Las Penitas Information
Las Penitas is a small coastal village located on the Nicaraguan Pacific Coast, just west of Leon. Together with nearby Poneloya*, Las Penitas has always been a favoured hang-out for Nicaraguans wishing to exchange the dusty city life for some fun and relaxing time on the beach.
During the weekends, Nicaraguan families arrive en masse with the buses from Leon and the surrounding countryside but during the weekdays you will have the beach pretty much to your self. Las Penitas is an ideal vacation spot for anyone who can’t make up their mind – do I want pristine, uncrowned beaches á la Robinson Crusoe or do I want hectic party life, reggaeton music and beach volley tournaments? In Las Penitas, your weeks will be filled with both.
Las Penitas is famous for offering excellent surf opportunities virtually year round. Surfing boards can be rented locally, but it is also possible to bring your own along with you on the chickenbus from Leon. For the novice surfer, signing up for at least a few surfing lessons is recommended because the waves are truly powerful and there is an undertow to watch out for.
Unlike many other great surf spots around the world Las Penitas has no crowding and you never have to wait your turn or compete with others for space – there’s plenty of ocean of everyone! For more info, visit the surfing page.
For swimming, the locals tend to prefer the estuary located at the southern end of the village. This bay is especially popular among families with small children who can’t handle the large waves of the Pacific Ocean. In Poneloya, there is a similar but somewhat deeper estuary to be found at the northernmost end of the main street. The exact water dept in these estuaries varies greatly depending on the tide and can be anything from knee-deep to over two meters (6 feet).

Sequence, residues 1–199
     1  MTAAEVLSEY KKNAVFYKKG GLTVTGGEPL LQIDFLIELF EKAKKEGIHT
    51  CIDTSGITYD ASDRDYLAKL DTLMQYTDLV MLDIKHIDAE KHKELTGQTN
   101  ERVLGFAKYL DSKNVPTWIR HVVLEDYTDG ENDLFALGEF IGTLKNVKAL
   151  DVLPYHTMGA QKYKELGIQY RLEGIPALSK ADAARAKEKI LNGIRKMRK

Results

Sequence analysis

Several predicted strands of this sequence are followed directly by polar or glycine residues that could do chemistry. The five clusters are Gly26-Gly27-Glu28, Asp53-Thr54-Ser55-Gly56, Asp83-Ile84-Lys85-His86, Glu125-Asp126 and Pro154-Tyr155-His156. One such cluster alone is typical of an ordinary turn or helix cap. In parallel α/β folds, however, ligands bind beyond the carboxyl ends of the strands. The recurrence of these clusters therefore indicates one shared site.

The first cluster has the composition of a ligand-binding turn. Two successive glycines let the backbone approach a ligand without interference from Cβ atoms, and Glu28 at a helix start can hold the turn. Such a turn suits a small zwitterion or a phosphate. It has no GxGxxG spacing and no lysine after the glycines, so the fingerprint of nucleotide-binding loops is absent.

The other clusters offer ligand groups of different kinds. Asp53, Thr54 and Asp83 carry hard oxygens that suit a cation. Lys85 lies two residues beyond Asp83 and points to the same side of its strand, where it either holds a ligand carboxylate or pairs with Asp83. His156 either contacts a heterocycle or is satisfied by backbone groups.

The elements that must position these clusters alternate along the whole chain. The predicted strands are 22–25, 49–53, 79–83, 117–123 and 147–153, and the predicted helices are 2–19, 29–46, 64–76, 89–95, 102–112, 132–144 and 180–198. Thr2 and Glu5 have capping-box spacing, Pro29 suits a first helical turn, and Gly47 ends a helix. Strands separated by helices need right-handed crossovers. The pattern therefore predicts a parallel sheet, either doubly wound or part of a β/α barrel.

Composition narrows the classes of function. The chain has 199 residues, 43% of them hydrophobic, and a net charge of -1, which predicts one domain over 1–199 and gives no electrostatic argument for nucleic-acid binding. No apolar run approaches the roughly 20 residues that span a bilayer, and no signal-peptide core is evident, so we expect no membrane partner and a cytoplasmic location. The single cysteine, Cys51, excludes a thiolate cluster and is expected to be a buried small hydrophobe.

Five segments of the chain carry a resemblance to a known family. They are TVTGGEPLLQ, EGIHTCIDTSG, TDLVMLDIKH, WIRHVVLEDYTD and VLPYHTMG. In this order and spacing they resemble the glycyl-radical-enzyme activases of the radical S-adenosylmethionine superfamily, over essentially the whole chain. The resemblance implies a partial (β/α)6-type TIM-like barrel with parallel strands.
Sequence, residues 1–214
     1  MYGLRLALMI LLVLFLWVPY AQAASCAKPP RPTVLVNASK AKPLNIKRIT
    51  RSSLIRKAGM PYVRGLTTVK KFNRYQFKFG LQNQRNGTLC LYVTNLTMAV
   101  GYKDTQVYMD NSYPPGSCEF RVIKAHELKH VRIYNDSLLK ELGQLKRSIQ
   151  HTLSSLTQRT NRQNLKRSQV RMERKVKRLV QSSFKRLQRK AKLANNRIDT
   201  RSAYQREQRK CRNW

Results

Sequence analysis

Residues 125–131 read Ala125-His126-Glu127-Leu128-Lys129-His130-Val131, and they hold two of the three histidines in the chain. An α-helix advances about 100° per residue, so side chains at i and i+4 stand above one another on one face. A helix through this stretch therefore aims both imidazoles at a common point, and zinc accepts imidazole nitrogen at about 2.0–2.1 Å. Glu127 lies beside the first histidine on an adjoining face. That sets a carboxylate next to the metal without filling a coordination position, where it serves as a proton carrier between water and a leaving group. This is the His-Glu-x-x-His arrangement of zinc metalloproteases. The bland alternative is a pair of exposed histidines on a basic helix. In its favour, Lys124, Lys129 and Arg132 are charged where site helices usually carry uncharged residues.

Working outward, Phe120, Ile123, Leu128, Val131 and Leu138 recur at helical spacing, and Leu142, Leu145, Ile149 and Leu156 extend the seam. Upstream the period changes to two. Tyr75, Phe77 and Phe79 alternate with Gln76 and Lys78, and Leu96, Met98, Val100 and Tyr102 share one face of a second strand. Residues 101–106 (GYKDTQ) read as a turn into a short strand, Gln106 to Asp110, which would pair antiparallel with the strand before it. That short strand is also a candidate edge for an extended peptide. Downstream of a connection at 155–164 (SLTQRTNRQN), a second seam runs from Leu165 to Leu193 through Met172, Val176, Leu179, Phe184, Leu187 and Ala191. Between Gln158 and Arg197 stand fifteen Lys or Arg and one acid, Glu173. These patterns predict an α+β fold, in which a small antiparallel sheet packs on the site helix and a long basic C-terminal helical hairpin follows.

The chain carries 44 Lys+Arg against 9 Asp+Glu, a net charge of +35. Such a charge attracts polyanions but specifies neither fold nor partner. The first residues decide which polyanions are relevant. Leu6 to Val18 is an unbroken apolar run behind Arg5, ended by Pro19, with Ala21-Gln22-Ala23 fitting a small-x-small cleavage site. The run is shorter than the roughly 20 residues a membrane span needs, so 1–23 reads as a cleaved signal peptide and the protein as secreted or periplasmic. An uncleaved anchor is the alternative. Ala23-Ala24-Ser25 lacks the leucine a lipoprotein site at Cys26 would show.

Las Penitas is a great base camp for anyone interested in exploring what the Nicaraguan Pacific Coast has to offer since it is located close to attractions such as the Juan Venado Nature Reserve and not that far from active volcanoes like the Cerro Negro and Telíca. The nature reserve is home to crocodiles, caimans and iguanas and the bird enthusiast can encounter over 100 species of birds while boating or kayaking in the mangrove forest. The Juan Venado island is also an important nesting site for Olive Ridley sea turtles that arrive in large lunar-coordinated groups, so called arribadas, to lay their eggs from August to December each year.
* Las Penitas and Poneloya are two villages that have merged together and Las Penitas seamlessly ends where Poneloya starts. Nowadays, they more like two parts of the same beach town than separate villages.